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The 20 “Most Important” Football Clubs In The World

It doesn’t do any of us any harm to occasionally remind ourselves of the sheer blustering pomposity of the biggest clubs in football. Tonight’s ambassadors for “giving the fans what they want” (as ever, a thin mask for “making more money for ourselves”) are Milan, who had some very important opinions to give on the subject of a European Super League. “”I still believe a European league will be an unavoidable step, though it may take more time than expected,” said the Milan director Umberto Gandini. “Between the 50 most important continental clubs, none would give up playing in their respective countries”. Disregarding the increasingly popular opinion that perhaps the “most important” clubs should perhaps be expelled from all other competitions, packed onto a space shuttle with anyone that likes the idea of Milan playing Manchester United every week for the rest of eternity and sent to Jupiter so that they can get on with it there without inflicting it upon the rest of us, the use of the phrase “most important” which is the giveaway. The winding up of G14 and subsequent inclusion of the biggest clubs into the European Clubs Association was supposed to put an end to all of this, but it was simplistic to assume that the more atavistic tendencies of the biggest clubs would vanish merely because Michel Platini invited them for tea and...

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Slaves To Fortune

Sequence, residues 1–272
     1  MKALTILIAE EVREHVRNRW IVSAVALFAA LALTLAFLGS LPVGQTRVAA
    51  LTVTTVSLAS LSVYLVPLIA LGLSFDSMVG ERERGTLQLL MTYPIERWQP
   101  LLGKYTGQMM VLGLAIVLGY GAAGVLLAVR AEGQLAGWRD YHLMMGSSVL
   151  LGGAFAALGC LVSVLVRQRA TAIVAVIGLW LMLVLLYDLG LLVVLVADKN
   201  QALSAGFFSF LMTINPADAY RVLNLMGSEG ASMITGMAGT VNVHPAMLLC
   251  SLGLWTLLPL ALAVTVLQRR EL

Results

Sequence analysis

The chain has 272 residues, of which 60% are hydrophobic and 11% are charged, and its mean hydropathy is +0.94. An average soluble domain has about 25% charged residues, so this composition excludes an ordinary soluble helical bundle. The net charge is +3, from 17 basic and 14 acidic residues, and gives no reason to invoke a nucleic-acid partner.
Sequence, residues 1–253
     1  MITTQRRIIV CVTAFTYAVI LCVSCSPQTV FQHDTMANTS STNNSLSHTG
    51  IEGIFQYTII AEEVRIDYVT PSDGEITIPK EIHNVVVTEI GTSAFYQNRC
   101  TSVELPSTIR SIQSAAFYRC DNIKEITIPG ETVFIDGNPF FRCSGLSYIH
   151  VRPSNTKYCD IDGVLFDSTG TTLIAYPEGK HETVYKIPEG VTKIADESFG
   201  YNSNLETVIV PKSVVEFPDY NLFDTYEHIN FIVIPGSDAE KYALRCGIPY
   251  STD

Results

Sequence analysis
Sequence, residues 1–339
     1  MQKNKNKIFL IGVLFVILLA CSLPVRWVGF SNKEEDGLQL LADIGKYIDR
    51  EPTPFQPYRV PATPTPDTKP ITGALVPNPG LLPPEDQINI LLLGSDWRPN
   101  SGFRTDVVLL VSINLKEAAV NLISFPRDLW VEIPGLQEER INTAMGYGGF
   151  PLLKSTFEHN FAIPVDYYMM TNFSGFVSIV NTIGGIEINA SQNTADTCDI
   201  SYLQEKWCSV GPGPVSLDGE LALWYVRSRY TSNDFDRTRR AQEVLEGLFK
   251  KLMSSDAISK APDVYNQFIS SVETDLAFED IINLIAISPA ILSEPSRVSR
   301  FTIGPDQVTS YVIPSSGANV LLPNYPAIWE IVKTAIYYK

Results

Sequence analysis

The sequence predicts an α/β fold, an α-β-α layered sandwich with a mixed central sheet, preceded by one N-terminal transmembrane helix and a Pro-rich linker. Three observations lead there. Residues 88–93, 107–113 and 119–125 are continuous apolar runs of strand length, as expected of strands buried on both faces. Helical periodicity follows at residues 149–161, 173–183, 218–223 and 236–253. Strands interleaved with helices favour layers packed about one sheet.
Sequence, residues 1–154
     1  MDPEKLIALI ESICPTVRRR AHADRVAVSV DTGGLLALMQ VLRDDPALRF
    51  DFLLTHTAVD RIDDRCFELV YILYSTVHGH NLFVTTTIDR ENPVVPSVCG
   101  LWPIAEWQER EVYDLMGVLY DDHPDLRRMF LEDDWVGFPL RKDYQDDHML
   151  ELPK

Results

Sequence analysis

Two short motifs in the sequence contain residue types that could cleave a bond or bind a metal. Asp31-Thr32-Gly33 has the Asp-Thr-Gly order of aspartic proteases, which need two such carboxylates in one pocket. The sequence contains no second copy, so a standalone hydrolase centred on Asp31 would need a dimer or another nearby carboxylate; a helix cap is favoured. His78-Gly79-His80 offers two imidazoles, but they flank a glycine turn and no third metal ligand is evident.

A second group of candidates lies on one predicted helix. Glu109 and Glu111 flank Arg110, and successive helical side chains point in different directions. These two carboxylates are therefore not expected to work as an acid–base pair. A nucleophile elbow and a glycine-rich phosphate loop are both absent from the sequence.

Is there any sound more grating than that of the petulant millionaire? One of the curiosities of the situation concerning Cristiano Ronaldo’s on-off move to Real Madrid is the lack of media training that he appears to have received. In an era in which players seemed to have been groomed from puberty, Ronaldo’s candour has been most refreshing. He has made more comments of any interest to the casual observer than David Beckham has managed over the last twelve or thirteen years or so. Unfortunately, most of the things that he has said have revealed him to be a petulant, over-grown schoolboy and, more-over, something of a liar. It’s difficult to say what motivated him to say that it would be fulfilling some sort of childhood dream to sign for Real Madrid other than stupidity, because everyone knows that to be a lie. The best guess that one can put forward would be to presume that Ronaldo’s statement was meant to make friends in influence people, but whether the world-weary supporters on Real Madrid will be impressed by vacuous nonsense is a highly nuanced question. Was it his “dream” to play for Real Madrid when he signed a five year contract to play for Manchester United last year? We’ll probably never know the exact truth. One can forgive Ronaldo his little outbursts on account that he is, in the overall scheme...